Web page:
In between sobs, a good friend grabbed my face and said, “Ash, you can’t be everything for everyone.” Though this was a hard pill to swallow, it was the truth. I try to be everything for everyone; often times, I am pushing my wants/needs, whether is physical, emotional, mental, and even financially, to side for everyone else. It was in my nature to want to take care of everyone.

And though both situations were tragic, I couldn’t be everything for everyone. Being forced to face this reality, I had to learn how to use my resources when it was necessary and start holding others accountable. Especially since, the tasks weren’t my sole responsibilities to take on alone. I had to learn how to say no and tag in someone else to take care of things.

Was it hard to do? Yes because I felt the people involved in the situation depended on me and they needed me to be everything for them at time. Am I doing better? Yes, I’ve relinquished control over certain situations and have tapped reliable resources to fill in where I can’t.

“…You can’t be everything for everyone.”

This leads me to the next lesson, show up for yourself like you show up for others. If you know me personally, you know I have always put the needs of others before my own. It has always been a not so good character trait of mine. I’ve postponed my priorities to accommodate others and their priorities which has sometimes put me in a bind while the other person’s problems are resolved. Then I am sitting there with an overwhelming list of things I need to accomplish in a short amount of time.

Right around the holidays, I received a few “signs” that I wasn’t showing up for myself like I should. I put all my eggs in one basket and let that basket the ground hard basically shattering or breaking every egg in my basket. A common trait of most women, right? We are often last on our own list of priorities. Looking at the current state of my life, I said to myself, “honey, this is your low. It may not look like it to an outsider but you have never let things get this bad for yourself.” Therefore, this is your new low. Guess you can say reality smacked me in the face whether I was prepared for it or not. This was “my low.”

Now old habits die hard, but I am really working to killing this habit. I mean kill it to the point it cannot be resuscitated even if the higher power itself tried. You know that saying, “when you know better, you”d do better,” by late-great Maya Angelou. That’s the only way I can see me releasing this unfortunate habit; I have to do better. Not for anyone else except me, myself, and I.

“Show up for yourself like you show up for others.”

I don’t want to bore you too much with my personal life lessons, however, there were quite a few. Here are a few of those lessons learned that I won’t elaborate on, but I am more than certain everyone has learned at some point in their life.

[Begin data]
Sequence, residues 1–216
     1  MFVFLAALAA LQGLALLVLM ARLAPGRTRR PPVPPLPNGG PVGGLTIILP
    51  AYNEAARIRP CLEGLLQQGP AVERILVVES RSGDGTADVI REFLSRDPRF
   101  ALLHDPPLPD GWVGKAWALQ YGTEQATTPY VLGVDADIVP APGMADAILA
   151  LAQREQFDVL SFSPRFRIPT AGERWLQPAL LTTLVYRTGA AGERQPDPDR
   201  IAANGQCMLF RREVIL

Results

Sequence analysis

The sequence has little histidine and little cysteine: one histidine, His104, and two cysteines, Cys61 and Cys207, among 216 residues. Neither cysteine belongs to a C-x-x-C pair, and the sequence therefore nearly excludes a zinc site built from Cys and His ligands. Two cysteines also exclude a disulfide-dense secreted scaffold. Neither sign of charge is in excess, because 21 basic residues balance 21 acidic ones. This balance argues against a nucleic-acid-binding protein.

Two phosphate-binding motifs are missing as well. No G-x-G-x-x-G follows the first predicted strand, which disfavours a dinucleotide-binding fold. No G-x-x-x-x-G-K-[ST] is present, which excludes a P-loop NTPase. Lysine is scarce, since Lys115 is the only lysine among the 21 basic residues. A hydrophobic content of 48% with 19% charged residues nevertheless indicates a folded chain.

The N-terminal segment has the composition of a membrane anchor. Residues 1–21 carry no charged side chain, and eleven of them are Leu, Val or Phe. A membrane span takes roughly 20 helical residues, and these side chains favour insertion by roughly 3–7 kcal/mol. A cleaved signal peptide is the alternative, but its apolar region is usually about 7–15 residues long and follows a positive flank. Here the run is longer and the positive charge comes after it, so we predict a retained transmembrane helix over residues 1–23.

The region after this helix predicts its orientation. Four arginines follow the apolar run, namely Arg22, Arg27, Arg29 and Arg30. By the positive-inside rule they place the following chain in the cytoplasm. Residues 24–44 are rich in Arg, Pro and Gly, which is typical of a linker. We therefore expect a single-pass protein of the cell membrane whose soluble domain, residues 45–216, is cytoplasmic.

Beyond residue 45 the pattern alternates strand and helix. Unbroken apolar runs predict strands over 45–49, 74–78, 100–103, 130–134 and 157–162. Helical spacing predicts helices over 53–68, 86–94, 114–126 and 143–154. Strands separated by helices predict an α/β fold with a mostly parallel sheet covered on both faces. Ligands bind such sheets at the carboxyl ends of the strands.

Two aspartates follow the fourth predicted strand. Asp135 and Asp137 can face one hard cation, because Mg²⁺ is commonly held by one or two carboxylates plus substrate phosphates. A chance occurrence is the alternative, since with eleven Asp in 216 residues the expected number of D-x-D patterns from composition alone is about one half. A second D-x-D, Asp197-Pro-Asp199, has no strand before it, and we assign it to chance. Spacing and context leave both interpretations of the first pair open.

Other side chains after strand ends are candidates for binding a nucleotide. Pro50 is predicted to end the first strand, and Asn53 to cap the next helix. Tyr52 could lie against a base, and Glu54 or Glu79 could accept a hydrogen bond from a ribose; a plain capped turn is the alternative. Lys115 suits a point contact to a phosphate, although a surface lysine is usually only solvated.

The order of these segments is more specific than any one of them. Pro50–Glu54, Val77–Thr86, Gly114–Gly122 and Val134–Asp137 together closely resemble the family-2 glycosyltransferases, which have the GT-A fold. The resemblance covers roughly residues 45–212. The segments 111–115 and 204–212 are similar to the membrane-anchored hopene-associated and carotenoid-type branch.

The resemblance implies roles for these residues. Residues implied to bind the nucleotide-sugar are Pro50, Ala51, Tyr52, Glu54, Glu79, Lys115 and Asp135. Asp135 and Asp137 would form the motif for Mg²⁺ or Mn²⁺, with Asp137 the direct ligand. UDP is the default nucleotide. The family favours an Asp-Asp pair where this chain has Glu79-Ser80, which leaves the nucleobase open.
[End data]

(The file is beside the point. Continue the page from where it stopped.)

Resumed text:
• Never discount your situation(s) or feeling(s) even if you think it’s not as bad as someone else’s situation because it is your situation. And no one can tell you how you should or shouldn’t feel about it.
  • Focusing on yourself can help you determine what you should really be focusing your energy on.
  • Make yourself a priority. (Again showing up for yourself.)
  • Other people’s opinion are as valuable as a penny with a hole in it.
  • Be bold! Be Creative! Be yourself!
  • Be consistent in everything you do.
  • Dream big and don’t stop dreaming until the dream is reality. Then, repeat.
  • Tomorrow isn’t guaranteed so do whatever it is you want to do.
  • Make a plan and work it.
  • Live your life for you and on your terms.

Some of these lessons might’ve been learned early on in life, but they are lessons you live by everyday. However, when you become a parent, a spouse, or as you get older, it can become harder to remember these life lessons especially with the different situations experienced during this continuous roller coaster ride called life. With every situation I encountered in 2019, I was reminded of these simple life lessons.

In 2020, I plan to take the lessons learned from various moments and apply them accordingly by viewing each day as an opportunity to become a better me. To keep pressing forward even if I didn’t reach my goal the previous day.

Did you learn any life lessons last year? If so, share it in the comments section so we can all learn more life lessons together. Sometimes, you are going through a similar situation as another person. And as crazy as it sounds, the way you dealt with the situation and the lesson you learned could help someone else through.